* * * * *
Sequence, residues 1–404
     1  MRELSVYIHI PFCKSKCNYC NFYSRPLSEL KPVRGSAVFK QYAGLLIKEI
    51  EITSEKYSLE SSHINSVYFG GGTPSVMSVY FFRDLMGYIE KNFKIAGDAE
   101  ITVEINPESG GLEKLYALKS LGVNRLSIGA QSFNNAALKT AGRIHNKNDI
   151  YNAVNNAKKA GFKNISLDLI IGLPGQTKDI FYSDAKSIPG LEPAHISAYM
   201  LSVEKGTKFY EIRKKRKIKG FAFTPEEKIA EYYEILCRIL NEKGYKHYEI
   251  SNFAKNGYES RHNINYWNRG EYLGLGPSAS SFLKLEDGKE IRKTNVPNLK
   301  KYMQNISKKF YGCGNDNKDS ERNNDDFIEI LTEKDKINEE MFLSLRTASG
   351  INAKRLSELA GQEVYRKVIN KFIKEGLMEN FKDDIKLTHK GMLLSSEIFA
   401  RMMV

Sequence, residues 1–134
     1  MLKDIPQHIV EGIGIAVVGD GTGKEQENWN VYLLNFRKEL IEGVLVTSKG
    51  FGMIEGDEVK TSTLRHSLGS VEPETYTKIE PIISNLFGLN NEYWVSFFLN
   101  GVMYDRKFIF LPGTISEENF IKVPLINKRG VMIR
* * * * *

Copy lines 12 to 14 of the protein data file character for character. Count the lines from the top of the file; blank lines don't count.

     1  MLKDIPQHIV EGIGIAVVGD GTGKEQENWN VYLLNFRKEL IEGVLVTSKG
    51  FGMIEGDEVK TSTLRHSLGS VEPETYTKIE PIISNLFGLN NEYWVSFFLN
   101  GVMYDRKFIF LPGTISEENF IKVPLINKRG VMIR